Valorizing organic residual streams: Roadside grass

Refining routes Municipality of Groningen

Commissioned by the municipality of Groningen, Ecoras conducted an extensive study of the processing possibilities of roadside and ditch grasses. At that time, the municipality processed the streams mostly through fermentation and composting, but much more is possible with roadside grass; high-quality alternatives.

Based on desk research and interviews, an overview of the processing possibilities was created, in which the different options were placed side by side. This revealed, among other things, that the processinge routes towards fermentation and composting are not the highest-value applications. An outlet with a cascading approach to materials (fibers) combined with VFA or biogas production emerged as the most promising option.

This option gives the most freedom of choice in both the short and long term, because it is relatively easy to switch to new – promising – applications. A municipality’s role in the production chain is an important factor in the success of alternative processing methods. From a position as, for example, client, roadside manager or buyer / launching customer of biobased products, a municipality can influence the entire process.

Assessment methodology biomass

The sustainable use of biomass in the circular economy has no standard utilization route. The combination of the motivations and interests of the actors involved and the specifics of the substances, times and location leads to appropriate, unique choices. To help the actors (owners, processors, entrepreneurs, authorities, researchers, etc.) find their way through the maze of options, Ecoras (in a consortium together with Bioclear Earth and Ekwadraat) has developed a balancing methodology.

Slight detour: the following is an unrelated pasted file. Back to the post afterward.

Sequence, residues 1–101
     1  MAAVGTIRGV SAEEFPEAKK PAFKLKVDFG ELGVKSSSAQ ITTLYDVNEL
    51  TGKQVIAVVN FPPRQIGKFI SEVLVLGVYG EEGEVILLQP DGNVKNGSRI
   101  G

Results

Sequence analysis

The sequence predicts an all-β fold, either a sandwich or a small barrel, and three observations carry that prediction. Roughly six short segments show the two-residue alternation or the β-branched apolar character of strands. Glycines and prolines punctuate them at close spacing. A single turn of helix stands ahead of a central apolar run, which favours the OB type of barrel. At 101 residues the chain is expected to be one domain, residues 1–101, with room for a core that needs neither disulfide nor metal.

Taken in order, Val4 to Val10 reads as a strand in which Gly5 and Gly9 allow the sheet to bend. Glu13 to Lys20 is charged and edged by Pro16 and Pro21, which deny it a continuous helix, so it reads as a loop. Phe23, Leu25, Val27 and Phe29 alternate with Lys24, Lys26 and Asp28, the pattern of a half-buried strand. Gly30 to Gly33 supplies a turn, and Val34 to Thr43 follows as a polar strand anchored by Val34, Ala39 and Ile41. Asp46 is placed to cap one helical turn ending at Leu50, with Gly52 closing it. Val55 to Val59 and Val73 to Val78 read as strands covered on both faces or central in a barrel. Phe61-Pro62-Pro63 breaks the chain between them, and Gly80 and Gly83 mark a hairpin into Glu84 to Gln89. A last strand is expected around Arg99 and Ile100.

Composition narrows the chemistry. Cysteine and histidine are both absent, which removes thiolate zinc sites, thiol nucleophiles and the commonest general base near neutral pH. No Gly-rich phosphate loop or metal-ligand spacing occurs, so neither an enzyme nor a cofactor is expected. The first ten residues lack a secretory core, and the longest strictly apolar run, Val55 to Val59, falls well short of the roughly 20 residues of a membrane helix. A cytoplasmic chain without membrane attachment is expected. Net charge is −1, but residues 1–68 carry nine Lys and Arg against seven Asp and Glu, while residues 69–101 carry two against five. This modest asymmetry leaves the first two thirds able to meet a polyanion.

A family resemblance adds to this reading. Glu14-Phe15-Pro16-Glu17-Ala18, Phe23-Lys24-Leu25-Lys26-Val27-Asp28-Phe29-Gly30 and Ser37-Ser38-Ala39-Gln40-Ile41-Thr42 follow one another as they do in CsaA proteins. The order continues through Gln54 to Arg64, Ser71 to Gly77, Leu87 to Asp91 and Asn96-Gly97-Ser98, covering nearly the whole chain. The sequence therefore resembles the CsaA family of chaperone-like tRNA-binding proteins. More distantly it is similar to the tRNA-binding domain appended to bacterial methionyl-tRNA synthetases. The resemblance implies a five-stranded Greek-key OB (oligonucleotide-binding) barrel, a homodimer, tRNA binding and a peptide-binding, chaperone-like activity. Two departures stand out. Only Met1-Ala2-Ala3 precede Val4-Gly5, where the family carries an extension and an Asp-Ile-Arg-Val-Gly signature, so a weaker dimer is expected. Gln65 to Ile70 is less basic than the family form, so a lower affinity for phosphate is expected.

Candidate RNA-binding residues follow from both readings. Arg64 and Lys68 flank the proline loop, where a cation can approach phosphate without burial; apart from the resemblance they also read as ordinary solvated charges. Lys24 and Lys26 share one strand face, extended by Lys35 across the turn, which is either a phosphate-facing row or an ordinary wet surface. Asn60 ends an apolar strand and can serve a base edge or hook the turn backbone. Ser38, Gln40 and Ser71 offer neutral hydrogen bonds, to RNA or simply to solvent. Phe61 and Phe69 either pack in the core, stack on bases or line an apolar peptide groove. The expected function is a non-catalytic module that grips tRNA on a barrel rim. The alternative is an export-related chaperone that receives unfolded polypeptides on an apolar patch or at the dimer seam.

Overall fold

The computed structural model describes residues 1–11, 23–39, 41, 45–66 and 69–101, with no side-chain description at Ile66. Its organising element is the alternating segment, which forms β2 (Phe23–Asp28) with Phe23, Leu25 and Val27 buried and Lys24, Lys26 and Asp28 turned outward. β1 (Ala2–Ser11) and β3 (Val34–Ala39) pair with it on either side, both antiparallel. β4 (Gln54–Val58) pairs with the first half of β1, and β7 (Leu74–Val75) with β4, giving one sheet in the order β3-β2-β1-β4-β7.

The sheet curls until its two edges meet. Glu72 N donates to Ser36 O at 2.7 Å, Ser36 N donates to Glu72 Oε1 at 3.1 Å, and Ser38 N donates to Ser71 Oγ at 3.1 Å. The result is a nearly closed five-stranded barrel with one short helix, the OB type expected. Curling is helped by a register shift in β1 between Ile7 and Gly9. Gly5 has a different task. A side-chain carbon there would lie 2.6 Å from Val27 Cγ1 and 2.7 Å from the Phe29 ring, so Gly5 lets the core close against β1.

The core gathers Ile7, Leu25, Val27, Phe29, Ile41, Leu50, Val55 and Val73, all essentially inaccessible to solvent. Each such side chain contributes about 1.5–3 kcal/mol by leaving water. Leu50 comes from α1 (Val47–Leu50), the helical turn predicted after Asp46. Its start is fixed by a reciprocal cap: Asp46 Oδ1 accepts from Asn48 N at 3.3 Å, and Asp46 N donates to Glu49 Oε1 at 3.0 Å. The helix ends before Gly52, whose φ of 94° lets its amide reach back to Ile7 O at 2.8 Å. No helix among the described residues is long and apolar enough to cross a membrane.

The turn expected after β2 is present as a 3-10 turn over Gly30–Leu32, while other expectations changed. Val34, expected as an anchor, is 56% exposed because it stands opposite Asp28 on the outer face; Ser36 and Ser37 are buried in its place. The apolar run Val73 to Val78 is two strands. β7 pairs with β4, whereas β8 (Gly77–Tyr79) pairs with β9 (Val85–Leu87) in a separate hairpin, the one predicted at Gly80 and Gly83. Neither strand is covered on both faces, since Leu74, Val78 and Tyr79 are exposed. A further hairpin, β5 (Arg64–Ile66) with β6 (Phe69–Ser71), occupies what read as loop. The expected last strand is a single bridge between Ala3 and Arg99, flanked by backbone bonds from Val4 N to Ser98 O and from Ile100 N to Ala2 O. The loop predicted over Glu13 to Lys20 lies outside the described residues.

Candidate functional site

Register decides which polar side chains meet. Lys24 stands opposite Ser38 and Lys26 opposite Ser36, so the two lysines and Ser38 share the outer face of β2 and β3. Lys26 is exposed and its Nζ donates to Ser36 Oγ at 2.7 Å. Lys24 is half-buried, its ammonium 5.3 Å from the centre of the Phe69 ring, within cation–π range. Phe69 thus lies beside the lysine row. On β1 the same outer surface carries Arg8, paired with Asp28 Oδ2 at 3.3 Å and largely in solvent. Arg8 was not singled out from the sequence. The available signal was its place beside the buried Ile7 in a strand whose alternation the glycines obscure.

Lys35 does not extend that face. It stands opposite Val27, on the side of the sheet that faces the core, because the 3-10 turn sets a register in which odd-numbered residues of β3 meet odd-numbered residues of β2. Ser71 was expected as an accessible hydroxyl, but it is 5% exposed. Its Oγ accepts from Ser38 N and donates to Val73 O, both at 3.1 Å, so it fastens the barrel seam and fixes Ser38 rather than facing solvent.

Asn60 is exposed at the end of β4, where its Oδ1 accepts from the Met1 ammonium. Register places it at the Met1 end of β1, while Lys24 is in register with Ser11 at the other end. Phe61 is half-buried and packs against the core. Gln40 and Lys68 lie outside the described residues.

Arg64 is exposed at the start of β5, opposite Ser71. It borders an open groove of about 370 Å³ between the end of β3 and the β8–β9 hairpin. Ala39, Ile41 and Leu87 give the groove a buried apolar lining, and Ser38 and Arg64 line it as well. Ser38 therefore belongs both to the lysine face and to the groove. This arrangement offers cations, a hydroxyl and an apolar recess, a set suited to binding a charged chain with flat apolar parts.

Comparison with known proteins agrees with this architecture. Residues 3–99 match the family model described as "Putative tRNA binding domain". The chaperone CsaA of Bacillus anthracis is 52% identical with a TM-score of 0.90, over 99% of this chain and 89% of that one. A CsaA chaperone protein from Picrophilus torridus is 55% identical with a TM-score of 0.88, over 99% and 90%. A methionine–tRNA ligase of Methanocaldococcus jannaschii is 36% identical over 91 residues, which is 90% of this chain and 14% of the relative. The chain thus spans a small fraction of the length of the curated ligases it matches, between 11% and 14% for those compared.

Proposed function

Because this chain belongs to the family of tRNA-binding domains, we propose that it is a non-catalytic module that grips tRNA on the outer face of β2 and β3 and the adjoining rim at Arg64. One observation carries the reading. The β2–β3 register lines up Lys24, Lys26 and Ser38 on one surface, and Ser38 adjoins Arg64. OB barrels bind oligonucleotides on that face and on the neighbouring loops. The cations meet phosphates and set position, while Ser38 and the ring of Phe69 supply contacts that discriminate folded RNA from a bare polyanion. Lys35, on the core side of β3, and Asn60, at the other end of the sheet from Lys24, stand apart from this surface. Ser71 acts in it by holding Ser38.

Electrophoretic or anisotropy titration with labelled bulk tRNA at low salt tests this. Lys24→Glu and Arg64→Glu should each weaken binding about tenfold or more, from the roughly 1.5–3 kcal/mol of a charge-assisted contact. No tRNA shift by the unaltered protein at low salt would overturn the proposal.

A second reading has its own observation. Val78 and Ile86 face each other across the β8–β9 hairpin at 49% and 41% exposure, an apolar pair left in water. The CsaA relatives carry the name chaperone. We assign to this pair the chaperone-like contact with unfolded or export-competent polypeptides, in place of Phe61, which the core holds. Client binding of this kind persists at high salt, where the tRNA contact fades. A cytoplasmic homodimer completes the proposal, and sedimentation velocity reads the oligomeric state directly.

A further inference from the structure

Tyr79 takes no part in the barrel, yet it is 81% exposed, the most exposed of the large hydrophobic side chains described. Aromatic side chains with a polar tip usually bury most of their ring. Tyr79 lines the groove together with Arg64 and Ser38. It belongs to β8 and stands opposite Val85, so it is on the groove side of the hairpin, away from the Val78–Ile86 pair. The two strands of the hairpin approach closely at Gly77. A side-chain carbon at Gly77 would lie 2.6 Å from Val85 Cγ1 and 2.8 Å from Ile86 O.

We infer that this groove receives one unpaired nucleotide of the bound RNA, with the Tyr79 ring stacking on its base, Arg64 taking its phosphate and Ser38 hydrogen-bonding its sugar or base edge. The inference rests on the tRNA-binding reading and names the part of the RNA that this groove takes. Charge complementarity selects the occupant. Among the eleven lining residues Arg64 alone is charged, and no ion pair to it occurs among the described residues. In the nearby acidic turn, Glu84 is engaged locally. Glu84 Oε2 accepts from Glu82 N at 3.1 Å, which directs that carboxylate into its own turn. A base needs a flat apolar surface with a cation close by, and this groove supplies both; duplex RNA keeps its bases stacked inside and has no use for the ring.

The image of a map can be used as an illustration: the methodology does not describe the end point to be reached and the road to be followed, but helps those involved to map out their own unique route. The emphasis is on clearly describing the options with their specific pluses and minuses and on making explicit what the actors involved want and can do. In this search process, collaboration is an important aspect.

To promote the establishment of collaboration, a “tool” was developed that was tested and further developed in the elaboration of the case studies around roadside grass, greenhouse gases and sustainable area design. The method was developed specifically for biomass, but the resulting three-level approach is more broadly applicable to developing the circular economy. This document is part of this toolbox and serves as descriptive background.

Regulation of the use and exploitation of residual flows

In many places, people are working to find a way to recycle organic waste streams, such as roadside grass. In this, regulations play an important role; this can determine what is and is not possible. This is also the case with an initiative in the municipality of Súdwest Fryslân, where a local farmer wants to start a project to return local biomass flows to agriculture. The local biomass comes from various parties (such as municipalities, province, water board and farmers’ own biomass) and must be processed on the farm through a form of composting (CMC composting), so it can be put to good use on the land as a soil improver / organic matter replenisher.

In the development, the initiators run up against the fact that it is difficult to find out which rules apply, who is responsible for which rules and whether more should not be possible in the context of national developments (circular agriculture, from waste to raw materials). The municipality is willing to support this, but is still looking for a way to arrange this properly so that no problems arise afterwards.

In these projects we work together with all relevant stakeholders (environmental service, municipality, water board, initiator, platform Circular Terrain Management and Circular Friesland) to come to a suitable solution. Sometimes this means entering a permit process under the right conditions, and sometimes temporary regulatory space can be created from the experimental space.